The aim of this review, as well as the case report, is to become familiar with the syndrome, although it is not very common, but may still be encountered by an ophthalmologist during clinical practice. It is also interesting to point out how the clinical unit can be independent and unchangeable in medicine and, on the other hand, in the context of the reversible posterior leukoencephalopathy syndrome (PRES syndrome), the name can be changed. As such, cortex blindness arises after complete destruction of the visual cortex of both occipital lobes, often as a result of vascular circulatory disorders. PRES syndrome is characterized by magnetic resonance imaging or computed tomography, where bilateral irregular hypodensive arteries are present in the occipital lobes that cause transient cortex blindness within the syndrome, which in its name carries the word reversible.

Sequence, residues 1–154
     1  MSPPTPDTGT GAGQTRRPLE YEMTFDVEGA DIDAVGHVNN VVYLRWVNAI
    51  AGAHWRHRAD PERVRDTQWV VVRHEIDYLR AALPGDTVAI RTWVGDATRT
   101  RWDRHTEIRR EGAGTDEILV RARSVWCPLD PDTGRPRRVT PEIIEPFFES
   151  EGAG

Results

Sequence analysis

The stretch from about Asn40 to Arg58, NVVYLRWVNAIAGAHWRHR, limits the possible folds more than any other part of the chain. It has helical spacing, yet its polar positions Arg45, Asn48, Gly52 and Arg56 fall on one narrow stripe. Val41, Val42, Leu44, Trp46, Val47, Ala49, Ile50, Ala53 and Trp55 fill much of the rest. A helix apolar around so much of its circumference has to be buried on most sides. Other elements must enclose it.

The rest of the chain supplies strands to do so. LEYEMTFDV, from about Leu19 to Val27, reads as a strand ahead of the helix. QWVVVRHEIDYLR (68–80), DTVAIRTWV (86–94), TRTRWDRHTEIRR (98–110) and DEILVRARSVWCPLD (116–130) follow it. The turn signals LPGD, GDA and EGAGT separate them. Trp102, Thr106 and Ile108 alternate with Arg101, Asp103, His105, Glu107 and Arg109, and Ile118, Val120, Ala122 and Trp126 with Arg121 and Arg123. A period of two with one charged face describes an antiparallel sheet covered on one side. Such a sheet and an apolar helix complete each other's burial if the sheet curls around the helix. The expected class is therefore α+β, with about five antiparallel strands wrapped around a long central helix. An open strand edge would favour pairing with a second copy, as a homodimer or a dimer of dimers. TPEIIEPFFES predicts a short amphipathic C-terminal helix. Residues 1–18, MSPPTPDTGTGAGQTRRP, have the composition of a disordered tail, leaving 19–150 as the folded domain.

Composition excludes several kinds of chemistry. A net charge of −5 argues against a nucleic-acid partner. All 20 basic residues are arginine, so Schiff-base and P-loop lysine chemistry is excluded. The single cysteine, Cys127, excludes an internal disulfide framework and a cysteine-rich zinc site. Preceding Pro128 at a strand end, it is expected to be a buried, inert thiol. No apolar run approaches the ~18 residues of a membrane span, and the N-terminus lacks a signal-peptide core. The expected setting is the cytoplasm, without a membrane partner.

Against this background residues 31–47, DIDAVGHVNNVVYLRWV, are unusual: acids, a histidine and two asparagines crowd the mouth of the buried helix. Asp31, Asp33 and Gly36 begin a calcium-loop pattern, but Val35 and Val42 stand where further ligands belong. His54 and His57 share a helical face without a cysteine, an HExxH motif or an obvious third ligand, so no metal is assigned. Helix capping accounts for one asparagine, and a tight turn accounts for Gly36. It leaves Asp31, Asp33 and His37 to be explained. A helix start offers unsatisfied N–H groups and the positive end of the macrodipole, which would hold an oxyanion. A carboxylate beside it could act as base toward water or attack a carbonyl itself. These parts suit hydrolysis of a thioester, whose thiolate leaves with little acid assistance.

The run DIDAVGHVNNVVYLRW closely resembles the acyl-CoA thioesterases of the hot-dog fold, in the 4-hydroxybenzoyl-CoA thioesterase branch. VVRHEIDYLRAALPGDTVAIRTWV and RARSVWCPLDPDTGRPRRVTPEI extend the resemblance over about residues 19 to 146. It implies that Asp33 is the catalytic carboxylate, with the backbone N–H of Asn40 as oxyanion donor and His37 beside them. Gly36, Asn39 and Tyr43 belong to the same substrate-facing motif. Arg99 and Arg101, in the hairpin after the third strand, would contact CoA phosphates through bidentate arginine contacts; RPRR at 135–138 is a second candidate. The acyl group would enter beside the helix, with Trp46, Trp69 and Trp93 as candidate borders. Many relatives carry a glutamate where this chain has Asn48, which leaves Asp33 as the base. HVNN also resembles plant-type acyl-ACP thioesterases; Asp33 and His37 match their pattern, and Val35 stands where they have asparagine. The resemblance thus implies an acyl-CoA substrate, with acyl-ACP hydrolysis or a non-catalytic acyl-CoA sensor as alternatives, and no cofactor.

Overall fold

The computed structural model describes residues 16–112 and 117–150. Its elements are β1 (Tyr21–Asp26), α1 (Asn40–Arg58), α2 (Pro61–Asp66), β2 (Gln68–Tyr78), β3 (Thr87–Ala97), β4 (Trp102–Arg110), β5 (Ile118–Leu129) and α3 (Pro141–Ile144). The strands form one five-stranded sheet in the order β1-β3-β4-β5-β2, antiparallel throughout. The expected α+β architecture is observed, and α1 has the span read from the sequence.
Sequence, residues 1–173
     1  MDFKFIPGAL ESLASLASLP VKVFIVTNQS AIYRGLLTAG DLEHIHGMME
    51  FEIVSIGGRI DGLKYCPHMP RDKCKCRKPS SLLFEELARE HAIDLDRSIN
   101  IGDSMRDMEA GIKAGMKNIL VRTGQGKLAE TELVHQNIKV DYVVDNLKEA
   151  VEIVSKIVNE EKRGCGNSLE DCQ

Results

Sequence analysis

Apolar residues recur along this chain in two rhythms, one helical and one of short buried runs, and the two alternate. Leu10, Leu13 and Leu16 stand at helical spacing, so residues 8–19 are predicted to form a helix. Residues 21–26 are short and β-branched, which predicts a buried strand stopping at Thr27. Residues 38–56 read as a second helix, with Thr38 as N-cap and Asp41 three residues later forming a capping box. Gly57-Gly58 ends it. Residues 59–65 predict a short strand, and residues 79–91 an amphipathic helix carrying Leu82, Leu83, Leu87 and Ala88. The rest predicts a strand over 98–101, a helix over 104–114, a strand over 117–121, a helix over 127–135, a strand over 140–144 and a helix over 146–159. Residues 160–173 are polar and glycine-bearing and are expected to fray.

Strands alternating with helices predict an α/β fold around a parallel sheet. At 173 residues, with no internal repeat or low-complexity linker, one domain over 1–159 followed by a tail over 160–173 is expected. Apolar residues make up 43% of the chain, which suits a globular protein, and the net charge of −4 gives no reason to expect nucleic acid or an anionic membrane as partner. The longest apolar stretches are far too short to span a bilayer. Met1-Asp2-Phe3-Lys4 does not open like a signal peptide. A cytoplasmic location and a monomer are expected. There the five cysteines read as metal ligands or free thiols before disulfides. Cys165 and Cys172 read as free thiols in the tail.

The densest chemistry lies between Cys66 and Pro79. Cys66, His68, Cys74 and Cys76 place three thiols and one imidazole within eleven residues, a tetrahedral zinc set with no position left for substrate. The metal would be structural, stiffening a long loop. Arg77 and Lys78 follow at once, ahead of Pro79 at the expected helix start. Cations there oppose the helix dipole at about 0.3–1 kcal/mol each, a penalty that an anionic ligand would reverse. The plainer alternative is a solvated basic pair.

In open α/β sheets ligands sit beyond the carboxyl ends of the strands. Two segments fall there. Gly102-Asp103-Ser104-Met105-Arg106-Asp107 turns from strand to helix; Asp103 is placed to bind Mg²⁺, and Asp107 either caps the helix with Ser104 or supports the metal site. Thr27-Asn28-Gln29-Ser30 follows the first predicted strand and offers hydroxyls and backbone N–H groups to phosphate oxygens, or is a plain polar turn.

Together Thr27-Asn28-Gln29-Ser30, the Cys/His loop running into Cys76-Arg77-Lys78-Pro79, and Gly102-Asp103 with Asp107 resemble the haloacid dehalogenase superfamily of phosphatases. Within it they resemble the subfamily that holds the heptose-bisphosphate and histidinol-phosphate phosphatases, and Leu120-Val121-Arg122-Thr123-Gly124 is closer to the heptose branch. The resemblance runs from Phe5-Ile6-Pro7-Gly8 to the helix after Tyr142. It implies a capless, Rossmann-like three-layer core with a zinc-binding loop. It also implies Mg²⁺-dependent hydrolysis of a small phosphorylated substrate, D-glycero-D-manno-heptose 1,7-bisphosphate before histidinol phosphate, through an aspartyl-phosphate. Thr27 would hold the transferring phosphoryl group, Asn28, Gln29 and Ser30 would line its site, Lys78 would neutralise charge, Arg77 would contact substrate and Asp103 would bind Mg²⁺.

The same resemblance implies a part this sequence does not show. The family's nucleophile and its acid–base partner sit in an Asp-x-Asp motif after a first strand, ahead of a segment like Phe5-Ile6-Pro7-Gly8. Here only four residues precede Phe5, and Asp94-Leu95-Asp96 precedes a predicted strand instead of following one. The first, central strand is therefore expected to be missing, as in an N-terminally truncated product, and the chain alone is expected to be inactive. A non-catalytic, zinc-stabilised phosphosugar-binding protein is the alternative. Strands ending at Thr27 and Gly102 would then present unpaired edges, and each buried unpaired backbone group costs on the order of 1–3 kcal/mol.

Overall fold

Case report: A patient who was hospitalized at the Pneumology Department in which PRES syndrome and transient cortex blindness were diagnosed.